Posted by: morrowsl | April 25, 2018

All Work and No Play


Rescued from one of the barns on the farm.

Since moving to Remote, we’ve spent most of our time working.  We’re supposed to be retired.  But I’ve determined that to be a huge misnomer.  The idea of retirement when my parents were doing it meant moving to a small house on the lake, working for fun in the local café, gardening and feeding the birds and squirrels, and going fishing anytime they pleased.

The idea of retirement when Coop Daddy and I did it is a whole nuther beast.

Of course, part of that is due to the manner in which we moved.  We sold a farm and relocated much of it to our new property.  We didn’t sell a house, but moved much of it out here as well.  Prior to that, we spent an insane amount of time shedding both locations of all the excess that just wasn’t going to work, or fit, here.  We took so much stuff to one collection site they finally turned us away.  Not to worry, there were others more than happy to see us pull up.
It seems we made a gazillion trips out here with the truck and van packed to the doors.  We took a short break for our first Christmas, then hit it hard in hopes of being done by spring.

We’re still opening boxes now and then and exclaiming, “Oh, so THAT’S where that went!”

When we closed on the purchase of this place, we had a rough idea of what we wanted to do and needed to do.  Once we sold the farm, we had a better idea of what we were going to be able to afford to do and what would prove too expensive or wasteful.  We knew we wanted a storm shelter.  We knew we wanted a second barn.  We, or at least I, knew we wanted chickens and donkeys and bees.
We determined replacing the pool and its surrounding deck wasn’t cost effective, but did it anyway because neither of us wanted a three-foot wading pool with deck stairs that had been installed upside down and were too steep to be useful.  That pool has more than paid for itself already in relief from the heat of many summer afternoons.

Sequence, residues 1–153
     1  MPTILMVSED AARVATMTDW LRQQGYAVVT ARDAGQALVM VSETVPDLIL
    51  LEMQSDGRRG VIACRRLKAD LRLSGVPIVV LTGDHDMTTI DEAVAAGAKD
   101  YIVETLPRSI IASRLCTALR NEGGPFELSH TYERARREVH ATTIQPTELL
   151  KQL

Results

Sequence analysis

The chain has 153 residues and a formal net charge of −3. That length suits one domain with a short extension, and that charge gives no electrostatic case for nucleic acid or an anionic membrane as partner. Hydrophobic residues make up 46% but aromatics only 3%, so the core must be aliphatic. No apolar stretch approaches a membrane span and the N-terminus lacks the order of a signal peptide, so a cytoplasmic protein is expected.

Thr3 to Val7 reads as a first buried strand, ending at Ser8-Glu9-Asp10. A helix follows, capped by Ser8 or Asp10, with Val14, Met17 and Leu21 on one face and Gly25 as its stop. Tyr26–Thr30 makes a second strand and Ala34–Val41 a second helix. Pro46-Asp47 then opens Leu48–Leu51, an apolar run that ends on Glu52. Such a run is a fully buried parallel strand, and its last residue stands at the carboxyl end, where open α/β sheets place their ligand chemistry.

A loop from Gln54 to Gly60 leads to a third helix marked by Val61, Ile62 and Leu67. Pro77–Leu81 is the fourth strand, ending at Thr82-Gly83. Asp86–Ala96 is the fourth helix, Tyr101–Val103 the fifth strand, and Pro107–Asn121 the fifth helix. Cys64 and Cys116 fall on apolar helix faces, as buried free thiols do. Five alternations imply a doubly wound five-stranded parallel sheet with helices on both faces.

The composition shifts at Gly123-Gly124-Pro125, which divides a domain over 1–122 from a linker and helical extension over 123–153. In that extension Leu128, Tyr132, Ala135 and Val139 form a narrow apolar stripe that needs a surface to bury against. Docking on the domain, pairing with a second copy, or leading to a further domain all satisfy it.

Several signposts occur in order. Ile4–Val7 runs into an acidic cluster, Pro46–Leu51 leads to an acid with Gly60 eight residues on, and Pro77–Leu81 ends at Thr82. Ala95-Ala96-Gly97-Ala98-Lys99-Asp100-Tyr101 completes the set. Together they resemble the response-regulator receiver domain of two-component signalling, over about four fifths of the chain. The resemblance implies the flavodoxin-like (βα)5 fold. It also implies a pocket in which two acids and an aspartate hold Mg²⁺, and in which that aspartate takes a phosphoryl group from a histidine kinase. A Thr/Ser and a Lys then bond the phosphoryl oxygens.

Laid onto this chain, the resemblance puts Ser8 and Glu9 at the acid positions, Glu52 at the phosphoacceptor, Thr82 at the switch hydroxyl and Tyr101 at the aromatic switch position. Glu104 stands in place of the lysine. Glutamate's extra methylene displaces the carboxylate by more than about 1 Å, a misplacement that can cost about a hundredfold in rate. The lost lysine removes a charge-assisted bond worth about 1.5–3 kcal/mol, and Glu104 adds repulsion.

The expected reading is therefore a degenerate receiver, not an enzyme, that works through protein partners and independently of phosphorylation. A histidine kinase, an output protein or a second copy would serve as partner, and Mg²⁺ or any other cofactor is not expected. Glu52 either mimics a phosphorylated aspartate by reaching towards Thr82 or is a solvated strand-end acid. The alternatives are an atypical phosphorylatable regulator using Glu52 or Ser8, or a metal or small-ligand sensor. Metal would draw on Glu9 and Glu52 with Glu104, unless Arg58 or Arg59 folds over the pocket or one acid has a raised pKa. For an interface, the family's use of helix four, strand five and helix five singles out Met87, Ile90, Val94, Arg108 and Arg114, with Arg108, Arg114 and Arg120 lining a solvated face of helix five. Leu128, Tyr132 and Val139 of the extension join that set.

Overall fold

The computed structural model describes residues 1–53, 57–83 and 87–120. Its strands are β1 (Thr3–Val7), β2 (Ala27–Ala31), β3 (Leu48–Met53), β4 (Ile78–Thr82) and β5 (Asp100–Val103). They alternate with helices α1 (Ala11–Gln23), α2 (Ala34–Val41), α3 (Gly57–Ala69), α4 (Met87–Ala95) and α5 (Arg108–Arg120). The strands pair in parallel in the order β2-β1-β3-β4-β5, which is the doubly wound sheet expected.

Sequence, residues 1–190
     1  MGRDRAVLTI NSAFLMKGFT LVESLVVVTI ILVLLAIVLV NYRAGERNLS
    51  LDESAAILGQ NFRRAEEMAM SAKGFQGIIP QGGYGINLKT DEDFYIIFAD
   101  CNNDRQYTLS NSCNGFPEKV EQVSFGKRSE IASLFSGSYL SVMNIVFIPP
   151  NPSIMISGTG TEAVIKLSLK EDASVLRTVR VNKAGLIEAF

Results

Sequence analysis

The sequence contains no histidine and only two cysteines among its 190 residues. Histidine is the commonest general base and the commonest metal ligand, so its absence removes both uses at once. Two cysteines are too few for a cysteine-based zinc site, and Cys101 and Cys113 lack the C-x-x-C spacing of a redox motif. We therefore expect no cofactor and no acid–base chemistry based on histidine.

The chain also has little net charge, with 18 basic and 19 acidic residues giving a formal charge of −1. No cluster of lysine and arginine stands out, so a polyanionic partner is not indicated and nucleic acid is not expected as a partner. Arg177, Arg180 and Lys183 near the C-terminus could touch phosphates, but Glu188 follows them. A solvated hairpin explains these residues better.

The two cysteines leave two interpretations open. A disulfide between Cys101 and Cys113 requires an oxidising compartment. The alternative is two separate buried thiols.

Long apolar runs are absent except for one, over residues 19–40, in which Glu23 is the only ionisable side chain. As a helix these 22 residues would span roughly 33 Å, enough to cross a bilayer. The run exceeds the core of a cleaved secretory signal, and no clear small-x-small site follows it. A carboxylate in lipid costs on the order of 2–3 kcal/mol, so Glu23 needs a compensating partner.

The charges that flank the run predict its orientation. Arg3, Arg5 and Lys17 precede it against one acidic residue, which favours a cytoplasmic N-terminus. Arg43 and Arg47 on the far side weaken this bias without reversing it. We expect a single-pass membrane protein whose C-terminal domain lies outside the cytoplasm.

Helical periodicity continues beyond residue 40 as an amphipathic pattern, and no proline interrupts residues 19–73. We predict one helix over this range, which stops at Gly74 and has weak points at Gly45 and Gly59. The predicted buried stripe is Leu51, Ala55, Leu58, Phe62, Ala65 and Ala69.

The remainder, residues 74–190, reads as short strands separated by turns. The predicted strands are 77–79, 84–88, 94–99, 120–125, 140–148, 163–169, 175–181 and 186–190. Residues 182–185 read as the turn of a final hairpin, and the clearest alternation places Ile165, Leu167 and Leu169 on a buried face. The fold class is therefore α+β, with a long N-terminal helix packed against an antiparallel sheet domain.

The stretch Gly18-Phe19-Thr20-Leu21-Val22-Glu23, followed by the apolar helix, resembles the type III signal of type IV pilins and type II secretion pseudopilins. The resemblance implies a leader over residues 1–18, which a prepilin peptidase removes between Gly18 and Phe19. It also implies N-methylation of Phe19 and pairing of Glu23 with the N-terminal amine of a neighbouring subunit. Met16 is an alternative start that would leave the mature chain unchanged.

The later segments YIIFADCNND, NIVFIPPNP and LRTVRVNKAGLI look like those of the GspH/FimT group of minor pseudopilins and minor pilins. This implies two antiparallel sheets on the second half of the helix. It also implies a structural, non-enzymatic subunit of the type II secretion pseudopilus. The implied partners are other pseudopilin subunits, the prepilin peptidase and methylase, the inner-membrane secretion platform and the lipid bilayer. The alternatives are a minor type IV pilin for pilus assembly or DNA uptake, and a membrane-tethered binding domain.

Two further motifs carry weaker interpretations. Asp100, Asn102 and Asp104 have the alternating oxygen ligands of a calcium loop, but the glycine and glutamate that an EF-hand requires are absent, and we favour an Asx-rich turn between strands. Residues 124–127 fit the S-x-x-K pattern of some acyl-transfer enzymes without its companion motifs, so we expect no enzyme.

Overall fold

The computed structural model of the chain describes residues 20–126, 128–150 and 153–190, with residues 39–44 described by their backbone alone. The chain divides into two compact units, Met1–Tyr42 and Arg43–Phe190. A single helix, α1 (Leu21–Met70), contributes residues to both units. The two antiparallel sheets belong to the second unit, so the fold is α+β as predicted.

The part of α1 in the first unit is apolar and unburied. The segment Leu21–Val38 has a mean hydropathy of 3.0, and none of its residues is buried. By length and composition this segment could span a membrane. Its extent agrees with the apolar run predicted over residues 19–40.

The chickens have been a great addition.  They provide eggs for us, our family, and several friends.  The bees are still something I’d love to have and may yet consider in the years ahead.  The donkeys require a fence.  The fence was on the plan for Year One but got moved to Year Two and probably won’t see light of day until Year Four at the rate things change around here.
We’ve added the deck that negates mowing in the backyard.  We’ll have a garden that wants tilling instead.
My Year Two dishwasher will slip into Year Three, which doesn’t bother me a bit.  It can go into Year Twenty-three and I’ll be okay without it.
Along the way, we’ve had to deal with busted plumbing and old appliances, delays due to weather, and a good number of setbacks thanks to being exhausted.

Retirement, right?

What I’ve learned along the way is that time is going to keep moving, no matter how hard you work to stop it.  The choice to put my head down and plow forward has helped get me through most of the challenges my life has presented.  I often tell people I’m an ant.  I pick up my kernel of corn, hoist it over my head, and press on.  When that one is safely deposited, I go back for another.

Head down, body moving, time marching on.

This is not to say we never stop.  We do.  We spend almost as many days away from home as we get at home.  And much of that is time spent in the company of family and friends.

Still, it seems a shame to have such an amazing place to live and not spend a lot of time enjoying it.  To that end, I made a point to grab my camera a few times this week and step outside for a bit.  The rewards for hard work at many here at Remote.


There’s plenty of prickly pear around here. Still, I like the idea of having it growing where I want, instead of just where it wants.

The previous owners did much to get the flowerbeds in.  We changed the irrigation and I’ve added a lot of perennials.  Those appeal to my lazy gardener side.

Along with the flowers, I wanted edibles.  Until the garden is up and running, I’m making do with fruit.  Last year the berries were a handful and only one lemon survived.  It’s a new year and there are blossoms on everything!


It’s raining again, here at Remote.  The list of chores hasn’t gotten shorter as I’ve typed.  Time is marching, yet again.  I have things to do and the day’s half gone.  Retirement, right?

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